Author: Gavin Farrington Photography

San Francisco & Los Angeles wedding photographer specializing in capturing natural, candid moments.

11 thoughts on “Do I Need A Powerful Video Card for Lightroom Classic CC?”

    1. Laptop or desktop? What card do you have, and do you have the latest drivers? How much video RAM does the card have? When you say it does not work, do you mean LR tries to enable support but you get video glitches? Or do you mean that it just won’t recognize the card at all, and forces you to remain unaccelerated?


    1. That’s been my experience, yes. Performance in PS using the liquify tool (for example) is fantastic, even on my Late 2013 MBP with Intel IRIS. Having a more recent card trumps having a more powerful card in terms of avoiding potential glitches.


  1. Thanks for the helpful video. I was wondering if you could explain, How does one speed up jpeg rendering or exporting TIFFS or DNG conversions. What’s the bottleneck in those types of processes?


    1. Hi Arif, great question.

      First off, when exporting using the Lightroom Export interface, JPEG output has been sped up quite a bit in LR6. Where it would only work on one file at a time up through LR5, now in LR6 it processes three images at once. This appears to be true for TIFF as well, though I only did a quick-n-dirty test just now. If you run a CPU meter while doing output like this, you should see all your cores light up to nearly 100%. This is good news.

      Unfortunately for DNG conversion, there’s nothing you can do. The bottleneck isn’t in your system, it’s in the way LR’s DNG conversion process is tuned. The engineers at Adobe have decided that it’s more important to keep the UI of LR performing well, and so they throttle the CPU usage of the DNG conversion process back quite a bit. If you’re absolutely hell bent on getting those DNGs converted as quickly as possible, you might download the free Adobe DNG Converter. This tool does the exact same thing LR does, but the CPU tuning is a tad more aggressive. It’s still not as aggressive as I’d like, but it will save you a little time if you’re doing thousands of files. Of course the drawback is that you have to manage that process outside of LR, and then re-import the files after the conversion is complete.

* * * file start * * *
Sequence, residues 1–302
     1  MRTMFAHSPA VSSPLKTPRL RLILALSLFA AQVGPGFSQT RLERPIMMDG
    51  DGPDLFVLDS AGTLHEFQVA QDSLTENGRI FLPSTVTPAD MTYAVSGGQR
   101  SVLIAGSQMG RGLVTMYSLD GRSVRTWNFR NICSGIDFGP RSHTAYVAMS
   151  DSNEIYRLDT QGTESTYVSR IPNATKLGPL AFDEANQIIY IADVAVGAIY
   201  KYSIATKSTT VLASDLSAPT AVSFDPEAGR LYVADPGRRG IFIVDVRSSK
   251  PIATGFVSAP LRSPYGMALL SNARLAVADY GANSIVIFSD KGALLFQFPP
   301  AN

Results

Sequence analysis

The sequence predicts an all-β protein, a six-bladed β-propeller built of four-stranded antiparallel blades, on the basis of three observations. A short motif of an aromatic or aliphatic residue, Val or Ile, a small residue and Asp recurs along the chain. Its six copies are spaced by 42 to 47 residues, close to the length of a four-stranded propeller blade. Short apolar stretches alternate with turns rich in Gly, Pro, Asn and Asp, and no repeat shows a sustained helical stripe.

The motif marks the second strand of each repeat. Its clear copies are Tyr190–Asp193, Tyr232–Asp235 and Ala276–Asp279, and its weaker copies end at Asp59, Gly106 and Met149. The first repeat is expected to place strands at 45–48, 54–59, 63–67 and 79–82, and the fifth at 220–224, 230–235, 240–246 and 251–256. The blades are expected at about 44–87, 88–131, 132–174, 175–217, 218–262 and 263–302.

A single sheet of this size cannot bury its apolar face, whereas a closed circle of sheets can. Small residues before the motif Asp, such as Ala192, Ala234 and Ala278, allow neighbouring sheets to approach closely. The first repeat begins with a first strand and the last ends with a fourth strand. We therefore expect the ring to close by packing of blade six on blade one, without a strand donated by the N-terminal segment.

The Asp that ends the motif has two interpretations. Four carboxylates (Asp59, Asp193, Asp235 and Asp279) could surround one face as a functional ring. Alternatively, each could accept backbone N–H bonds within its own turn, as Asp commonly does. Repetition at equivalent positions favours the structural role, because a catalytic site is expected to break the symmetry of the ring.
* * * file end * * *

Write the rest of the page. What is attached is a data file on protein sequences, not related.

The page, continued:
Hope this helps.


  2. Hi Gavin,

    Thanks for the useful video. I’m particularly interested because I also have a late-2013 15″ MBP with Iris graphics. Have you used LR6 on a 4K monitor with your MBP? If so, do you find the performance acceptable?



  3. “Further, if you are a dual-screen user, Lightroom CC 2015 will accelerate the main develop module window, but it will not accelerate views in your secondary monitor window. This is because that window still uses the Library / Preview rendering pipeline, not the Develop rendering pipeline.”

    Does this mean that the quality of the image on the secondary monitor is inferior to that on the primary monitor? That is, can I judge results of editing on the secondary or must I use the primary?


  4. i know the question will sound lame…still ..i have a 4130 i3 processor and intend to install ddr3 8gb ram , so will a asus gt 710 ddr3 2gb gpu enhance my lightroom experience or will it remain the same